Recruiters without Borders as Hiring Goes Global ; Tally on Employability of Graduates Sketches an International Profile

By Schuetze, Christopher F | International Herald Tribune, October 28, 2013 | Go to article overview

Recruiters without Borders as Hiring Goes Global ; Tally on Employability of Graduates Sketches an International Profile


Schuetze, Christopher F, International Herald Tribune


A survey suggests that institutions that focus on providing graduates with broad skills are winning more recognition, irrespective of their country or region.

In an increasingly globalized employment market, Laura Altamirano Sainz's story could sound routine.

After studying at the Xalapa campus of the Anahuac University, in Mexico, Ms. Altamirano, 23, a computer science graduate, traveled to Germany last year to take an internship with the automaker BMW. Once there, she realized just how fertile Munich's job market was for software engineers, so she decided to stay on and continue her studies in Germany.

Her search for a university master's program quickly brought her to the Technical University of Munich. A once-traditional German technical college, T.U.M. has in recent years developed into a global player that, as part of that development, now offers many courses in English.

The school "is really well known," said Ms. Altamirano. "When you have this in your curriculum vitae, they really take this into account," she added, referring to potential employers.

According to a recent survey of university graduate employability, Ms. Altamirano could scarcely have made a better choice.

The third annual Global Employability Survey, designed and commissioned by the French education consulting firm Emerging and carried out by the German market research firm Trendence, asked recruiters and senior international executives to profile an ideal university graduate -- and the ideal university producing such graduates.

Analyzing the responses, the Emerging/Trendence survey, published Oct. 28, ranked 150 top universities according to the employability of their graduates. Ms. Altamirano's choice -- the Munich technical school -- ranked number 11, up from 50th place a year earlier, a rise that Emerging says may point to a changing mind-set among recruiters.

"Recruiters are more and more acting and thinking globally," said Laurent Dupasquier, associate director of Emerging. Multinational companies are increasingly widening their recruitment pool, he said: Although the ranking's top 20, led by Oxford, Harvard and Cambridge, still reads like most conventional academic listings, institutions that focus on providing graduates with a broad skill set are winning more recognition, irrespective of their country or region.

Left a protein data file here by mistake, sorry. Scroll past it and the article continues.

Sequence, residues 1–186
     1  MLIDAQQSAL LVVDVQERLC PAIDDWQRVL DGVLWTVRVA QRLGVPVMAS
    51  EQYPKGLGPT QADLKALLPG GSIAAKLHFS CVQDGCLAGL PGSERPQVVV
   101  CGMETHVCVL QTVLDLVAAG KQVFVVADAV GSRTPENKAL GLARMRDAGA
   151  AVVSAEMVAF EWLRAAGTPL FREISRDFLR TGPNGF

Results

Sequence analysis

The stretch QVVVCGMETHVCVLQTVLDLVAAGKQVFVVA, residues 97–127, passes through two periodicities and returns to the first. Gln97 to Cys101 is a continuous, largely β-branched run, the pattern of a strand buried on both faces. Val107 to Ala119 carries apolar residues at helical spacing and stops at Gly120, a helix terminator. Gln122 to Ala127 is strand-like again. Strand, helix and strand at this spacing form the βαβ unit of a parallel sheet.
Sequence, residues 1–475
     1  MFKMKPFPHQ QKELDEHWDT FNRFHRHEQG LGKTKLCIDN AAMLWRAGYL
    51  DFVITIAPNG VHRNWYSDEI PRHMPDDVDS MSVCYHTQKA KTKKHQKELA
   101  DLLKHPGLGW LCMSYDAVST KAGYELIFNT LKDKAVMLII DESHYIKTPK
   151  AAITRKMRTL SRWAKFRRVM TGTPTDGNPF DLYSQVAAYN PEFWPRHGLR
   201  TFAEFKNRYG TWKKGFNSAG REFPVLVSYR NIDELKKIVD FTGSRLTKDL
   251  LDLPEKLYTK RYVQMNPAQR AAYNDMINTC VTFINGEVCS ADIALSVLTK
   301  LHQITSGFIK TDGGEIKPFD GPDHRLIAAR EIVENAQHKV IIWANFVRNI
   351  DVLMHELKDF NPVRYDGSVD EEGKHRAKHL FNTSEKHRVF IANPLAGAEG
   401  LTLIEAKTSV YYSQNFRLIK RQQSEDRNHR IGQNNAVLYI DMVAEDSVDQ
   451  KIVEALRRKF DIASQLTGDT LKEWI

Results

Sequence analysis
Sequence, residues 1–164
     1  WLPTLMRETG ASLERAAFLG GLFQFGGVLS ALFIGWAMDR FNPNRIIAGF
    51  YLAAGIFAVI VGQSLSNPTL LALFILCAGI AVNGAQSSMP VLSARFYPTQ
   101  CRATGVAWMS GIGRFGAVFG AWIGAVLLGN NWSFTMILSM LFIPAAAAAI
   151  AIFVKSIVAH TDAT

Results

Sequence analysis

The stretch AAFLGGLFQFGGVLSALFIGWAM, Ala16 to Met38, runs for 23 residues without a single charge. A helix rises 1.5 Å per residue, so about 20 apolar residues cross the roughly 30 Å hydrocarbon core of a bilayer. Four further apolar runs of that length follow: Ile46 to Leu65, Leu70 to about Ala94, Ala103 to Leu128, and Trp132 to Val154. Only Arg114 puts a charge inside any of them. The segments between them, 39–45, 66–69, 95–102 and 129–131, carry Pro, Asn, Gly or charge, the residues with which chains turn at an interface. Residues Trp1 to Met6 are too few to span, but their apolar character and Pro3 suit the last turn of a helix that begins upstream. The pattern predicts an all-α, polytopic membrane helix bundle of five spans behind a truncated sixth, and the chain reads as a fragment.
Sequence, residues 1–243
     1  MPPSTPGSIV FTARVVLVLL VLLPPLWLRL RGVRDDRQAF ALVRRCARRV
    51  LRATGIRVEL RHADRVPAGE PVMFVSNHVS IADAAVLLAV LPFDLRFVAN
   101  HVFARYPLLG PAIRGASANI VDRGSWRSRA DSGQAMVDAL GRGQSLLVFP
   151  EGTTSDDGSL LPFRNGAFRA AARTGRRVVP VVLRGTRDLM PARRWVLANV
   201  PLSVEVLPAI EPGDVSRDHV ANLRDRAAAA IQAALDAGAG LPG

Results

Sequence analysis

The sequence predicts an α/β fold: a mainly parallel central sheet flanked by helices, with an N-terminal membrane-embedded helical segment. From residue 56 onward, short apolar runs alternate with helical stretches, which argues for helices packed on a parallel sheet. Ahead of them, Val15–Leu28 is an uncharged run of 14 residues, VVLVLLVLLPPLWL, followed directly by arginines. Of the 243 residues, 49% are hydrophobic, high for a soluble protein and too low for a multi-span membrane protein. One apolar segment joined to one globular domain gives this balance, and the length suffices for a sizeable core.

"It's a complete globalization of the system," said Mr. Dupasquier: not only are more recruiters looking across borders for hires, but national recruiters are increasingly looking for the same thing in graduates: work experience and practical know-how, social and communication skills, motivation and willingness to learn, rather than narrowly focused academic qualifications.

Still, even if recruiters are looking at a wider pool, the survey suggests that past experience with graduates of specific universities remains an important determinant in hiring. Overall, 21.8 percent of recruiters surveyed said that the university attended by an applicant was the main criterion for selection, while another 45.1 percent cited it as an important factor. That compared with 33.1 percent who said they focused on the candidate's skills and experience.

Recruiters in France and Brazil were most likely to consider the university in hiring decisions, with only 17.6 percent of recruiters saying it was not a major factor. In Mexico and the Netherlands, in contrast, nearly half -- 49.6 percent in Mexico and 48.5 percent in the Netherlands -- focused on other factors.

More significantly, nearly two-thirds of the recruiters said they regularly used university lists provided by their company as a reference point for hiring.

The survey initially tallied online responses from more than 2,700 recruiters in 20 countries to build a profile of the ideal graduate employee. …

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